# 12 Answer Key

## 12.1 Chapter 4 - Object Types in R Programming

- This object was an array.
- This object was a vector.
- This would output a vector.
- This would output a data frame.
- To output a factor, you would run the following code:

## 12.2 Chapter 5 - How to Filter and Transform Data in Base R

- Filter the following vector to values greater than 2

```
q1 <- seq(1,20,2)
q1[q1 > 2]
```

- Filter the following vector to values between 20 and 30, but only for the first three entries that meet that criteria. (Hint: add
`[n:n]`

for the range of values after you determine which values meet that criteria)

- Multiply the following matrices together.

- Subtract 41 from every entry in the second column of the following matrix. Replace the column with those new values.

- Select the second row each matrix in the following array. Subtract 5 from those rows.

```
q5 <- array(data=c(matrix(seq(1,15,1),5,3),
matrix(seq(4,60,4),5,3),
matrix(seq(2,30,2),5,3)),
dim=c(5,3,3))
q5
q5[2,,]-5
```

- Filter the following data frame to Bond films starring Roger Moore.

` bond[bond["actor"]=="Roger Moore",]`

- Filter the following data frame to Bond films starring Sean Connery made after 1966.

` bond[bond["actor"]=="Sean Connery" & bond["year"] > 1966,]`

## 12.3 Chapter 6 - How to Filter and Transform Data with the Dplyr Package

- You would use the
`%>%`

notation,`filter()`

function, and the operates`|`

,`==`

, and`>`

to accomplish this.

- In addition to the same script as above, you would use the
`select()`

function to reduce the columns.

- Instead of using
`select()`

in the previous script, you would use`transmute()`

. This function allows you to both transform a column and select only those that are mentioned.

```
data(mtcars)
library(dplyr)
mtcars %>%
filter(gear==4 | hp > 115) %>%
transmute(mpg_log=log(mpg),cyl,gear,hp)
```

- You would use the
`filter()`

,`group_by()`

, and`summarize()`

functions to pull this summary data.

## 12.4 Chapter 7 - Understanding and Using R Packages

- To install the
`tidyverse`

set of packages, run the script`install.packages("tidyverse")`

. - To load the
`dplyr`

package, run the script`library(dplyr)`

.

## 12.5 Chapter 8 - How to Write Functions

- Modify the simply standard deviation function we wrote and change it to calculate mean. Do this without using the built-in
`mean`

function.

- Alter the
`summary.group`

function to include median, minimum, and maximum values.

```
summary.group <- function(data,group,field) {
groups <- levels(factor(data[,paste(group)]))
output <- data.frame(group=character(),
mean=numeric(),
sd=numeric(),
median=numeric(),
minimum=numeric(),
maximum=numeric())
for(i in 1:length(groups)) {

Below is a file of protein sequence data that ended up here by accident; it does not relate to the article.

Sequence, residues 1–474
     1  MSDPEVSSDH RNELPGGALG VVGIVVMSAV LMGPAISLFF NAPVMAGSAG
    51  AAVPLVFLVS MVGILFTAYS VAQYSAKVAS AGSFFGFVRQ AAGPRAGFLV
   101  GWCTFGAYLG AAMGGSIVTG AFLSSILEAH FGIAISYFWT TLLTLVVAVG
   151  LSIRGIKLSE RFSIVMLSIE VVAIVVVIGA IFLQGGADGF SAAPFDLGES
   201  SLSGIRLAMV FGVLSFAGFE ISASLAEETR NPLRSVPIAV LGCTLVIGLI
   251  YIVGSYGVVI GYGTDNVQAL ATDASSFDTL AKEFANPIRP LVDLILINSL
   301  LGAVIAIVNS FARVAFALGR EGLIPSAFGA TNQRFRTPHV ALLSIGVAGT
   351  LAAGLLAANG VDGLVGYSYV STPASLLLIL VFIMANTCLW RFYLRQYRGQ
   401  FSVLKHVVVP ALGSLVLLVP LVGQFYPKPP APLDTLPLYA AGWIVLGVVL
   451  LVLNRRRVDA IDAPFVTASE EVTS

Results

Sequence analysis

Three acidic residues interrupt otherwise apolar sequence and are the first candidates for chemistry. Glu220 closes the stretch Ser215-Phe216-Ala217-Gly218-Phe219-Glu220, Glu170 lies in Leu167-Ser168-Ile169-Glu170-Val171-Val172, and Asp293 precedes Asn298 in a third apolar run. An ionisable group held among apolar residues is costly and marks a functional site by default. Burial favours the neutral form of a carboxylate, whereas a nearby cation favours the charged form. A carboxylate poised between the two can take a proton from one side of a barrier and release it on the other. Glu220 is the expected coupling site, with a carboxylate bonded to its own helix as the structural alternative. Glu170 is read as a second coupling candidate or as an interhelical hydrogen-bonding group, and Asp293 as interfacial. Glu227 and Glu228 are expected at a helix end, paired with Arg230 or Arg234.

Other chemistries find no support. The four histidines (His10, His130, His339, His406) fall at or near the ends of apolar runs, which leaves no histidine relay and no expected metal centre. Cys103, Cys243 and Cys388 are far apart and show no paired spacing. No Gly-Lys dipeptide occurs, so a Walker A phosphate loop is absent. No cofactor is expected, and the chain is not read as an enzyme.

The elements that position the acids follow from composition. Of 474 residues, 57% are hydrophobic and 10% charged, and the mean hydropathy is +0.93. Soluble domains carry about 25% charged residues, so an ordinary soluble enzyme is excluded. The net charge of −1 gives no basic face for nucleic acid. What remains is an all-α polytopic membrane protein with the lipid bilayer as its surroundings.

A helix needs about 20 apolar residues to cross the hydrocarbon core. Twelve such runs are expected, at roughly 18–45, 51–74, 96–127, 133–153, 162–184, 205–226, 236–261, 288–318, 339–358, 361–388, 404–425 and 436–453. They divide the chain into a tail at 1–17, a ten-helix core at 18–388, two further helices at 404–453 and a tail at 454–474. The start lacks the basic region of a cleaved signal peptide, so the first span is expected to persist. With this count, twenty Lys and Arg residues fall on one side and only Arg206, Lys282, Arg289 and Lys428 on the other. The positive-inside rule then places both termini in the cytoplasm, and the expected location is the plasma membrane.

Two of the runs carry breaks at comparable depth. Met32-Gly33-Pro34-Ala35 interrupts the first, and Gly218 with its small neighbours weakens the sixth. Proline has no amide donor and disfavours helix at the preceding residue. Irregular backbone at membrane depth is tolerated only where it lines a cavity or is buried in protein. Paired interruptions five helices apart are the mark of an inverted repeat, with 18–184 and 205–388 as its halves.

subdata <- data[data[,paste(group)]==groups[i],
paste(field)]
output[i,1:6] <- data.frame(groups[i],
mean(subdata),
sd(subdata),
median(subdata),
min(subdata),
max(subdata))
}
output
}
```

- Write a function for the
*Fibonacci Sequence*, which ends at a number you choose. You’ll need to use a control flow to accomplish this and a default value for the end of the sequence. (Hint: You won’t use the`for(var in seq) expr`

control flow. Execute`?Control`

to use a different version.)

## 12.6 Chapter 10 - How to Plot Data in R

- Use the
`ggplot()`

,`aes()`

, and`geom_point()`

functions to construct a plot.

- Simply add
`factor(cyl)`

to the**color**argument in the`aes()`

function.

```
library(ggplot2)
data(mtcars)
ggplot(data=mtcars,
mapping=aes(x=hp,y=mpg,color=factor(cyl))) +
geom_point(size=3)
```

- Use the
**x**,**y**, and**color**arguments in the`labs()`

function to use a more intuitive naming convention.

```
library(ggplot2)
data(mtcars)
ggplot(data=mtcars,
mapping=aes(x=hp,y=mpg,color=factor(cyl))) +
geom_point(size=3) +
labs(x="Horsepower",
y="Miles Per Gallon",
color="Cylinders")
```

- Use the
**title**argument in the`labs()`

function.

```
library(ggplot2)
data(mtcars)
ggplot(data=mtcars,
mapping=aes(x=hp,y=mpg,color=factor(cyl))) +
geom_point(size=3) +
labs(x="Horsepower",
y="Miles Per Gallon",
color="Cylinders",
title="Car Performance")
```

- Use the
`theme_few()`

theme from the`ggthemes`

package.

## 12.7 Chapter 11 - Statistical Functions in R

- Use the
`summary()`

function on your model to determine model performance, such as p-values.

` summary(PracticeModel)`

- Use the
`predict()`

function to make model predictions on a new data set.

```
NewData <- data.frame(Sepal.Length=5,Sepal.Width=3.25)
predict(PracticeModel,NewData)
```

- Use the
`confint()`

function to determine the confident intervals for a model.

` confint(PracticeModel)`